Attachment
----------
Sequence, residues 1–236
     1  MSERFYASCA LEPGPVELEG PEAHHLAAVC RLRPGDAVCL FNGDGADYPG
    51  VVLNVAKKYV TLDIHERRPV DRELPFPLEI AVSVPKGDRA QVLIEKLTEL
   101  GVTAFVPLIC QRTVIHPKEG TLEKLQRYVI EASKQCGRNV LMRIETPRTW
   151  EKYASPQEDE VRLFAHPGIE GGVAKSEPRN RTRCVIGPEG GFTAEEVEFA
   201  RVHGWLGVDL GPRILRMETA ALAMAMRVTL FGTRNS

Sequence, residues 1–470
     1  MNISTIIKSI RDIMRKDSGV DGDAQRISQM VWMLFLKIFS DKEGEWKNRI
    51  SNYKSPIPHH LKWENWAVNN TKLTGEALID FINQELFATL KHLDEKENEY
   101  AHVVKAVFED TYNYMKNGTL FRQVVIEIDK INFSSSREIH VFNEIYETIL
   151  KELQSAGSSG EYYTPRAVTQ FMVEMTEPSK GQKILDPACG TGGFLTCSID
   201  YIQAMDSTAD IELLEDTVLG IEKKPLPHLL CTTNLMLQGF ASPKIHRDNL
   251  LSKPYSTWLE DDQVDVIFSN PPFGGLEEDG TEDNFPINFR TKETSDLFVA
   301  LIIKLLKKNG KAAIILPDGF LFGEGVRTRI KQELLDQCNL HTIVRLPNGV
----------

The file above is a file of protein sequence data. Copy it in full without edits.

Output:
Sequence, residues 1–236
     1  MSERFYASCA LEPGPVELEG PEAHHLAAVC RLRPGDAVCL FNGDGADYPG
    51  VVLNVAKKYV TLDIHERRPV DRELPFPLEI AVSVPKGDRA QVLIEKLTEL
   101  GVTAFVPLIC QRTVIHPKEG TLEKLQRYVI EASKQCGRNV LMRIETPRTW
   151  EKYASPQEDE VRLFAHPGIE GGVAKSEPRN RTRCVIGPEG GFTAEEVEFA
   201  RVHGWLGVDL GPRILRMETA ALAMAMRVTL FGTRNS

Sequence, residues 1–470
     1  MNISTIIKSI RDIMRKDSGV DGDAQRISQM VWMLFLKIFS DKEGEWKNRI
    51  SNYKSPIPHH LKWENWAVNN TKLTGEALID FINQELFATL KHLDEKENEY
   101  AHVVKAVFED TYNYMKNGTL FRQVVIEIDK INFSSSREIH VFNEIYETIL
   151  KELQSAGSSG EYYTPRAVTQ FMVEMTEPSK GQKILDPACG TGGFLTCSID
   201  YIQAMDSTAD IELLEDTVLG IEKKPLPHLL CTTNLMLQGF ASPKIHRDNL
   251  LSKPYSTWLE DDQVDVIFSN PPFGGLEEDG TEDNFPINFR TKETSDLFVA
   301  LIIKLLKKNG KAAIILPDGF LFGEGVRTRI KQELLDQCNL HTIVRLPNGV